I was recently given a braided paracord belt, hand made by Ridgerunner Belts. I was impressed by the quality of the construction and its sturdiness. In my estimation it has a bit too much stretch to be useful for a pistol belt, but otherwise it is a very practical belt. (Pistol belts should be thick and stout, so that they don’t “give” vertically, when you draw your pistol.) I’ve found that one advantage of paracord belts is that you can insert the belt buckle toggle anywhere along their length, at about 1/4 inch intervals. This means that in addition to getting a “just right” fit as a waist belt, the same belt can be used for various utility “tie down” purposes like securing items to a vehicle roof rack. Yes, this opens up a lot of possibilities.
This belt is just one example of the creativity that is going into modern paracord braiding. There are a lot of new patterns being developed, with varying degrees of difficulty for unraveling, if the paracord or its internal strands are needed in extremis. (See the many recent YouTube instructional videos.) I predict that the popularity of paracord braiding will soon exceed that of macramé, in the 1970s. And I’d like to suggest that the new paracord art form ought to be called Paracord Tacramé: tactical macrame. This is a fun, mildly addictive, and relatively inexpensive hobby that creates truly practical gifts. BTW, one of our advertisers, Camping Survival, sells paracord in umpteen colors.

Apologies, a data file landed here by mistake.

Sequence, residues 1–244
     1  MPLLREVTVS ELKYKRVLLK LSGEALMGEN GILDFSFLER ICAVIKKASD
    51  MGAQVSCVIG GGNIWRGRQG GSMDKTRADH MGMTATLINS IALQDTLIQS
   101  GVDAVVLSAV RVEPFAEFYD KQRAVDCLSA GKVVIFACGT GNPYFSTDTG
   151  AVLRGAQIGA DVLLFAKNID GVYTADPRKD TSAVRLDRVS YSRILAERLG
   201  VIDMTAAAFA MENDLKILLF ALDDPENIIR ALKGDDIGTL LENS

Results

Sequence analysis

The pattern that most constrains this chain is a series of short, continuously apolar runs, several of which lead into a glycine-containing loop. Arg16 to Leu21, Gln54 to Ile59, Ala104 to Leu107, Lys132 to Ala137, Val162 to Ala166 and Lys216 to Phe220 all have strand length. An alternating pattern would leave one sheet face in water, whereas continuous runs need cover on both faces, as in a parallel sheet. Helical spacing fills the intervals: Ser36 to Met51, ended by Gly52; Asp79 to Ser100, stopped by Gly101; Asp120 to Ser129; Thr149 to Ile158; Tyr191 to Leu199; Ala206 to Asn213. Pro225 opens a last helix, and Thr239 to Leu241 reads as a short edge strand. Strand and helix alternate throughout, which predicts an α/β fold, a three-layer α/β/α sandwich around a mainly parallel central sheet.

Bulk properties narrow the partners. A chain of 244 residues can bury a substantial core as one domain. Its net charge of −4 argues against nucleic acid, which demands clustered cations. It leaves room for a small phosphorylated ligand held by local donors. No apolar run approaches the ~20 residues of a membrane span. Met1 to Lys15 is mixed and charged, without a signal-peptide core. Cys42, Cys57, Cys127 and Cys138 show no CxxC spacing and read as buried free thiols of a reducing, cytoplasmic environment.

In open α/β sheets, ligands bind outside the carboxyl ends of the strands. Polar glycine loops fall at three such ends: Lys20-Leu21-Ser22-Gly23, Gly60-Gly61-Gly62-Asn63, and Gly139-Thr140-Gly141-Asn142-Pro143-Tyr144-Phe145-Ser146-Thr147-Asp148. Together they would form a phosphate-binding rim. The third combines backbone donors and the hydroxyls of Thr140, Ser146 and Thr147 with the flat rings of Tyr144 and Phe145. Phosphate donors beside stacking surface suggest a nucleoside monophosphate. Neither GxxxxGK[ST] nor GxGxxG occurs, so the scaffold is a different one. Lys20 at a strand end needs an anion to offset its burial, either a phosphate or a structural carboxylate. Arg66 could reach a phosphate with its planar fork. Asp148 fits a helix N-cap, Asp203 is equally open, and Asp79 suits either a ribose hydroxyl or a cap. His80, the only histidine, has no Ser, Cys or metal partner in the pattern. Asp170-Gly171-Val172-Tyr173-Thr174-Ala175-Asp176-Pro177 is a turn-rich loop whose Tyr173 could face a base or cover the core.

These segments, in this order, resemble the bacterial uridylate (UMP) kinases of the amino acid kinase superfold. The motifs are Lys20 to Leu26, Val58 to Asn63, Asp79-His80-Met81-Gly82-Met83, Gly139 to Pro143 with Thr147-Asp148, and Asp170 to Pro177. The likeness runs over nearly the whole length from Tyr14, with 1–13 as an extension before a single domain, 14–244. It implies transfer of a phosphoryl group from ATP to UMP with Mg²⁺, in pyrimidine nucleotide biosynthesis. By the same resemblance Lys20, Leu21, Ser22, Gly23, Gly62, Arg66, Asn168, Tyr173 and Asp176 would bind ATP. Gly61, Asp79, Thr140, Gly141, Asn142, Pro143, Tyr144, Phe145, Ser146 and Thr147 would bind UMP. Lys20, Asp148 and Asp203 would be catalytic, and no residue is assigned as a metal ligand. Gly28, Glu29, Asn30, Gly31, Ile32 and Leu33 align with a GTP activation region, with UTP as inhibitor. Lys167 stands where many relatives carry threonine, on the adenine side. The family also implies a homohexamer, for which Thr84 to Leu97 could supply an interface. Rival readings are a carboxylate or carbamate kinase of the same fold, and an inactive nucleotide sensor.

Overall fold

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Reader Stephen C. sent this piece from Oz that subtly gives survivalism a bad name: ‘Bad bush tucker man’ Malcolm Naden captured after seven years
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This headline ran in The Independent: Hippies head for Noah’s Ark: Queue here for rescue aboard alien spaceship. Thousands of New Agers descend on mountain they see as haven from December’s apocalypse. JWR’s snarky comment: I don’t mean to
rain snow on their parade, but if the Mayan Calendar Crowd’s goal is to be safely above 1,230 meters of elevation, because they envisioned giant tsunamis in their dreams or while watching some Hollyweird movie, then why don’t they just check in to the La Quinta Inn, in Silverthorne, Colorado? The elevation there is 2,660 meters. There, they’d be safe from even giga-tsunamis–more than twice as high as their peak in the Pyrenees. That seems a lot more hospitable than camping out on a barren mountaintop in France, in December. In Silverthorne, or better yet in Leadville (3,094 meters), they could call for room service to deliver extra blankets and mugs of cocoa, instead of calling for paramedics and rescue helicopters.
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G.G. suggested this slide show at the Popular Mechanics site: The Ultimate Survival Preparedness Kit for Your Car
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